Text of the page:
Mother Tongues and Second Languages
For a long time now, since 1965, children have taken examinations for their mother tongue or a second language, as part of Singapore’s bilingual policy. While many have argued in its favour, modern times and globalisation has led to an increased debate on whether bilingualism is really still relevant to Singapore’s society.
English has mostly become the nation’s true, primary mode of communication, and a child struggling with mother tongue oral examinations today will likely be asked, “what do you speak at home?” Some parents even land on choices for their children’s mother tongue at school based on which language might prove better prospects later in life.
But looking beyond the superficiality, there’s plenty of societal relevance and cognitive development to gain from learning a second language.
Anchoring the Singaporean identity
Communities in Singapore continue to celebrate the cultural grounding that mother tongue provides. On 17 December, Singai Tamil Sangam had a prize-giving ceremony for its micro-short-film-making competition. The competition was one of 25 different programmes which ran as part of the Tamil Language Festival. The festival ran virtually from 28 November to 20 December.
The is the Tamil Language Festival’s 13th year running, and is a continued effort spearheaded by the Tamil Language Council in Singapore. During this year’s challenge, participants were tasked with producing micro-short films based on given topics, such as Tamil proverbs and timeless excerpts from the Tamil literature classic Tirukkural.
The ceremony was streamed live on Facebook and YouTube on Sunday evening. It was also attended by Minister of State for Culture, Community and Youth Alvin Tan, who gave an online address.
Mr Tan, who is also the Minister of State for Trade and Industry, said “I am encouraged to see our community organisations coming together, working in partnership with the Council, to explore new ways to present the programmes in view of the COVID-19 pandemic. This truly reflects our collective ability to adapt, and carry on with community engagement in the new normal.”
He added that initiatives such as this competition would undoubtedly “spark interest in the Tamil language, and promote the traditional Tamil arts and culture in Singapore”.
“This exciting task not only encourages our young participants to practise the language, but also deepens their appreciation for the Tamil language, arts and culture through film making. This is indeed a great way to ignite interest and impart our heritage, language and cultural values to our children and youth,” said Mr Tan.
The case for and against mother tongue in education
This paper, titled “A Critique of the Bilingual Policy in Singapore” posits that there is a “need to provide a common language while acknowledging and preserving the indigenous languages of different ethnic groups” in multicultural societies such as Singapore’s.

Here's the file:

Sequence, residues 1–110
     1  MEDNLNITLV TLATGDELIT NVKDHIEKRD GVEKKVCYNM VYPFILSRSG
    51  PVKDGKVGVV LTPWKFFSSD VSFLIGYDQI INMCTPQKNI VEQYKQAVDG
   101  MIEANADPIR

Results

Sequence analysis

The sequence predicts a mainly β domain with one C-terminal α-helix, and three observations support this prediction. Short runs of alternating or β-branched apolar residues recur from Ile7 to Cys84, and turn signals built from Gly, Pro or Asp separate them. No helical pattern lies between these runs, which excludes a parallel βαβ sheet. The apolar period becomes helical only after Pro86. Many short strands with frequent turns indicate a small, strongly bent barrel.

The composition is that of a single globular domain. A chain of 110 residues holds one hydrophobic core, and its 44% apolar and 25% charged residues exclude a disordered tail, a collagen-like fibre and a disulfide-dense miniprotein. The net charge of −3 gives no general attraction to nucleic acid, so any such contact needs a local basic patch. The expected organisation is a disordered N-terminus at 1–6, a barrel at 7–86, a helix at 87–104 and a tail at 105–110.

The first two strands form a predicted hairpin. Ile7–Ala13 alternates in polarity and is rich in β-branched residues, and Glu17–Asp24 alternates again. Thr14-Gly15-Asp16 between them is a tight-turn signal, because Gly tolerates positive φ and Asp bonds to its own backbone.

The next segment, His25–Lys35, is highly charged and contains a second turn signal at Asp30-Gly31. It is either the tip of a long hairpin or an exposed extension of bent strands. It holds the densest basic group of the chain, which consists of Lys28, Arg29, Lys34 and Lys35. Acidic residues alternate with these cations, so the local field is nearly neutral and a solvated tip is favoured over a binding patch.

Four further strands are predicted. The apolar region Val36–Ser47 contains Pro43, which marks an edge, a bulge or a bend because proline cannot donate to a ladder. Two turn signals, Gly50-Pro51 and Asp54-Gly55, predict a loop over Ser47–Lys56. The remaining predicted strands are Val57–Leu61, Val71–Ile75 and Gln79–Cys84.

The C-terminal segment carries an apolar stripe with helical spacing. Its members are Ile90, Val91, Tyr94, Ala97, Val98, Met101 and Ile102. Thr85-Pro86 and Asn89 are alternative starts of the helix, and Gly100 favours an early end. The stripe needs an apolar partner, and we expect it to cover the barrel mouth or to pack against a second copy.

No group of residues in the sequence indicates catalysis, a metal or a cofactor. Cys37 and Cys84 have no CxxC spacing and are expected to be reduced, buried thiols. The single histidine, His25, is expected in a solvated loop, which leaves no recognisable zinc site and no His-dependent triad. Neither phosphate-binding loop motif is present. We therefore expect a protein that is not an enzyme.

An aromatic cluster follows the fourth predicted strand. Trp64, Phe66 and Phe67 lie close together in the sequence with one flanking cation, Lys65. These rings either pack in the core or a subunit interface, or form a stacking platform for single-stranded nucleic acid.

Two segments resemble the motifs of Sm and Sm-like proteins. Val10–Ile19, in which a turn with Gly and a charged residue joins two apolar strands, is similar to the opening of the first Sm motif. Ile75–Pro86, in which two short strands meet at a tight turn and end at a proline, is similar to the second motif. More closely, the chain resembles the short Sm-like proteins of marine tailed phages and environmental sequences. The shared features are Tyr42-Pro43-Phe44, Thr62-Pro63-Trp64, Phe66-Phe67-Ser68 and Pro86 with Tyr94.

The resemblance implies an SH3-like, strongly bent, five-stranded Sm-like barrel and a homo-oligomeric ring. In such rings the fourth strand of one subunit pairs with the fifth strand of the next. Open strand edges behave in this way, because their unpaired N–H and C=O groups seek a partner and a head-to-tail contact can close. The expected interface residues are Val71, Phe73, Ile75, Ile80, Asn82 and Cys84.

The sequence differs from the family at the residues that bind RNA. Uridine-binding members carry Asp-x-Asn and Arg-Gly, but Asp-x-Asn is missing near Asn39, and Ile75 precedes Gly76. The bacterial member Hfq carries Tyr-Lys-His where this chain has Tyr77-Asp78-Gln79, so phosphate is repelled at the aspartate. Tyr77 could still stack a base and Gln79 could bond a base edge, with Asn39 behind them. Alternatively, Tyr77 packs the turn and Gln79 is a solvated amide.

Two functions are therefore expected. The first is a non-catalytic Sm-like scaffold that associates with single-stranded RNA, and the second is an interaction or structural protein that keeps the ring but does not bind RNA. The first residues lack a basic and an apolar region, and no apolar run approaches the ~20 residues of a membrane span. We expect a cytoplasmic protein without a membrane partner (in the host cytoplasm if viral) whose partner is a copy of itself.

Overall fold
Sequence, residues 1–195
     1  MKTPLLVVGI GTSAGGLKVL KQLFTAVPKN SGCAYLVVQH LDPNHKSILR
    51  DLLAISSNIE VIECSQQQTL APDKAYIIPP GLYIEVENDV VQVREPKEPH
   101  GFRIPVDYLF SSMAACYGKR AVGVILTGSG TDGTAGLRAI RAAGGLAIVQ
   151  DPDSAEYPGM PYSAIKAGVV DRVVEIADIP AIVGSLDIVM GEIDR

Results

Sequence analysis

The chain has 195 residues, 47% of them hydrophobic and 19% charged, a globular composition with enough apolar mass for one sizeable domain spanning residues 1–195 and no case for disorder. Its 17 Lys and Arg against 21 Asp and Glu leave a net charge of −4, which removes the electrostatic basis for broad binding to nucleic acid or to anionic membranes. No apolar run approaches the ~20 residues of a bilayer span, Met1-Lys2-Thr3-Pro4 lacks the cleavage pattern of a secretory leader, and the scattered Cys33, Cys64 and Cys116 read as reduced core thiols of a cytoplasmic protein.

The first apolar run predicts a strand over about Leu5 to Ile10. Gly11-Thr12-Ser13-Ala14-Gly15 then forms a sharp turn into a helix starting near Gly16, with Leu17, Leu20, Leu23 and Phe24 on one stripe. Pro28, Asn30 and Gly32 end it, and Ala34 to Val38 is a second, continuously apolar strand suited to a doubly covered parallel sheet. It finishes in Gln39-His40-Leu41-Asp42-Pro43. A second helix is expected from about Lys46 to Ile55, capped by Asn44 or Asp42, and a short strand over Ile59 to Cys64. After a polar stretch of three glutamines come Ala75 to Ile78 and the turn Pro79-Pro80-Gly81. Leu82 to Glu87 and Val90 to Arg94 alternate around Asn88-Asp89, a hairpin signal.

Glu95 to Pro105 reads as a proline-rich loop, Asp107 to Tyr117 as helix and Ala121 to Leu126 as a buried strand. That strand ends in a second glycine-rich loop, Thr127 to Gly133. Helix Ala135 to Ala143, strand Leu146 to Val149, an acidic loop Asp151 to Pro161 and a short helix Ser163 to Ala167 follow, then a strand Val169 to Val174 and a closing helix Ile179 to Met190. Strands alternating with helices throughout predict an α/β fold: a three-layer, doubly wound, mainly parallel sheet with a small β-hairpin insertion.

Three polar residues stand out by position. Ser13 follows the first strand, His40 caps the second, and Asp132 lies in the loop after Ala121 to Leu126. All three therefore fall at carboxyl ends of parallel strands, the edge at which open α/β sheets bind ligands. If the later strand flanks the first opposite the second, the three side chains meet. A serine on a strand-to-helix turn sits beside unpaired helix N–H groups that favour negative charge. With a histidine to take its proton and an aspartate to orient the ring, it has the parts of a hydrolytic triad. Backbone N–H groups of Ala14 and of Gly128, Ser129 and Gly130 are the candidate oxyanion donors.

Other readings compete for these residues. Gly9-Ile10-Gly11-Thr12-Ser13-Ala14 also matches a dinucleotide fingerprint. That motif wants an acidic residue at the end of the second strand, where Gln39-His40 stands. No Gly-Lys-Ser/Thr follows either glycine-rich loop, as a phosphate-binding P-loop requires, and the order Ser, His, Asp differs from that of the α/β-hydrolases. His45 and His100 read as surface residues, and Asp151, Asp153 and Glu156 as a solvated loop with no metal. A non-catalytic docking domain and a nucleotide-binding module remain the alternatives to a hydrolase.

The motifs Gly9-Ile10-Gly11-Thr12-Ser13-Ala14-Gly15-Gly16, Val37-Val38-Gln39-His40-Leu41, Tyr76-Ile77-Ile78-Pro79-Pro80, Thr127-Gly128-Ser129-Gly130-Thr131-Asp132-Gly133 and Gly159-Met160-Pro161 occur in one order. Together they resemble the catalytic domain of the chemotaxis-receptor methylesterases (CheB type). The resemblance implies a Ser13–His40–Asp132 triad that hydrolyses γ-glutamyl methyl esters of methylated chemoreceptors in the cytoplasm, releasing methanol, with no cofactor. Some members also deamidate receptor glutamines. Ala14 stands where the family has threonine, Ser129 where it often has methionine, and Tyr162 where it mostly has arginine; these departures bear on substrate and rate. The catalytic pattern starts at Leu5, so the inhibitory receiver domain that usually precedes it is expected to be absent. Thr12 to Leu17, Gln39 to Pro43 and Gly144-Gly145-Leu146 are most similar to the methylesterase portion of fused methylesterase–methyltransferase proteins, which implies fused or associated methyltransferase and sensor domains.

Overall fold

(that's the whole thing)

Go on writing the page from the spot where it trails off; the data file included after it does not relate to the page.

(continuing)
The paper also takes readers through the many counter-arguments to enforcing bilingual learning in schools. One important point is in how a high proficiency in English remains challenging to many students, despite their economic backgrounds. In saying so, it also points out that Singapore’s most common mode of communication is not English, but rather, Singlish. The cost of paying less attention to students’ English learning is a hindrance to international business and intercourse.
In 2001, Lee Hsien Loong, who was then the Deputy Prime Minister, made a case in favour of mother tongue given how diluted English in Singapore is as Singlish.
“Our mother tongues carry with them values, ancient cultural heritages and a sense of identity. To lose some of this, because we need to speak standard English, an international language of business and science, is painful, but it is a rational trade-off to make. But it does not make sense to replace our mother tongues by a Singapore English dialect, which is unintelligible to the rest of the world.
Then we would be better off sticking to Chinese, Malay or Tamil, for then at least some other people in the world would understand us,” Mr Lee said.
Taking the nation out of the picture, learning a second language can also help you on a larger scale. Deepening our connections to other cultures and being able to experience the world with one additional language to help guide you through it is useful and helpful, to say the least.
People who speak more than one language have also been shown to have increased memory, problem-solving and critical-thinking skills, enhanced concentration, and the ability to multitask, among other things.
So when was the last time you busted a sentence out in your mother tongue? Try it. Who knows, maybe honing your second language will land you your next big opportunity.